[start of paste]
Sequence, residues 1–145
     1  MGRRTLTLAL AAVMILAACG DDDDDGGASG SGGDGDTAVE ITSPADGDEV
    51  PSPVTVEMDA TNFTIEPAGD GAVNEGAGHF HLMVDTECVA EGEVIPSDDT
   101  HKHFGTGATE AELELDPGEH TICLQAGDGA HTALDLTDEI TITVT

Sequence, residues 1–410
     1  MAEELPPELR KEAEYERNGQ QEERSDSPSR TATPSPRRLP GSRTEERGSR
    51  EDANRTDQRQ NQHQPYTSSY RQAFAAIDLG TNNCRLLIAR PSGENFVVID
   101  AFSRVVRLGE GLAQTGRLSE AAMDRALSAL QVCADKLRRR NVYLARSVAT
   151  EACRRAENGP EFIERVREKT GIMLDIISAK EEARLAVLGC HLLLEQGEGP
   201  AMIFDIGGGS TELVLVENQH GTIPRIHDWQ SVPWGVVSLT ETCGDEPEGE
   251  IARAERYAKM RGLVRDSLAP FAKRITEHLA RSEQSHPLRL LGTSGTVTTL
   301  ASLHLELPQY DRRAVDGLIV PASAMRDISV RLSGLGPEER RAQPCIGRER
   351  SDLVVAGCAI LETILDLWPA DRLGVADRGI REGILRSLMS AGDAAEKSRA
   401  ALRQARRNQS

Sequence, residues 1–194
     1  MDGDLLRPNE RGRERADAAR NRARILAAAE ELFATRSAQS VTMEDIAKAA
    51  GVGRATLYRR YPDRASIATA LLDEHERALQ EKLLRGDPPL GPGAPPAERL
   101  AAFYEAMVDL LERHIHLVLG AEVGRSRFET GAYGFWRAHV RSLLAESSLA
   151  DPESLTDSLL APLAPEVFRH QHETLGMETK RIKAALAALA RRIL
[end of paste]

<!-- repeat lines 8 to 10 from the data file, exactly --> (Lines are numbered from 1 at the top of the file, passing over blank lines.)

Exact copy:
   101  AFSRVVRLGE GLAQTGRLSE AAMDRALSAL QVCADKLRRR NVYLARSVAT
   151  EACRRAENGP EFIERVREKT GIMLDIISAK EEARLAVLGC HLLLEQGEGP
   201  AMIFDIGGGS TELVLVENQH GTIPRIHDWQ SVPWGVVSLT ETCGDEPEGE